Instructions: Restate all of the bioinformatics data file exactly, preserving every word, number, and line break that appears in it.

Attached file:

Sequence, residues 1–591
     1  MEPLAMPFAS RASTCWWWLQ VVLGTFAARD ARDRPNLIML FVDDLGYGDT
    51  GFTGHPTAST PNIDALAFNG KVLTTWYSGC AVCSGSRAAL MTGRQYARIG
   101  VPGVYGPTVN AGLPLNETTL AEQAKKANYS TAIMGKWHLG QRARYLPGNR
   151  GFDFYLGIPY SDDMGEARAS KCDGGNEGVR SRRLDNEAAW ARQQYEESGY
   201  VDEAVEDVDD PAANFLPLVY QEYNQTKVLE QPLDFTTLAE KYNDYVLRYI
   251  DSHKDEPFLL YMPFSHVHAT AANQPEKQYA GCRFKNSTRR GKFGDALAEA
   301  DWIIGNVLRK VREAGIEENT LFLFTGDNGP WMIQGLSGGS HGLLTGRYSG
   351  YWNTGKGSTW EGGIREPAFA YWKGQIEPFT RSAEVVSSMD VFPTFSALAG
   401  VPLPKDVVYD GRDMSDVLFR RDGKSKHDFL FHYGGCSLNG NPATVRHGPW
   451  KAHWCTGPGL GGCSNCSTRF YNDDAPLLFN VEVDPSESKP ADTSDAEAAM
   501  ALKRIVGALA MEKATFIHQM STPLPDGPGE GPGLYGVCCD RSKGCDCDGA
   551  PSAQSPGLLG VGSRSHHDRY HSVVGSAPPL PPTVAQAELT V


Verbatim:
Sequence, residues 1–591
     1  MEPLAMPFAS RASTCWWWLQ VVLGTFAARD ARDRPNLIML FVDDLGYGDT
    51  GFTGHPTAST PNIDALAFNG KVLTTWYSGC AVCSGSRAAL MTGRQYARIG
   101  VPGVYGPTVN AGLPLNETTL AEQAKKANYS TAIMGKWHLG QRARYLPGNR
   151  GFDFYLGIPY SDDMGEARAS KCDGGNEGVR SRRLDNEAAW ARQQYEESGY
   201  VDEAVEDVDD PAANFLPLVY QEYNQTKVLE QPLDFTTLAE KYNDYVLRYI
   251  DSHKDEPFLL YMPFSHVHAT AANQPEKQYA GCRFKNSTRR GKFGDALAEA
   301  DWIIGNVLRK VREAGIEENT LFLFTGDNGP WMIQGLSGGS HGLLTGRYSG
   351  YWNTGKGSTW EGGIREPAFA YWKGQIEPFT RSAEVVSSMD VFPTFSALAG
   401  VPLPKDVVYD GRDMSDVLFR RDGKSKHDFL FHYGGCSLNG NPATVRHGPW
   451  KAHWCTGPGL GGCSNCSTRF YNDDAPLLFN VEVDPSESKP ADTSDAEAAM
   501  ALKRIVGALA MEKATFIHQM STPLPDGPGE GPGLYGVCCD RSKGCDCDGA
   551  PSAQSPGLLG VGSRSHHDRY HSVVGSAPPL PPTVAQAELT V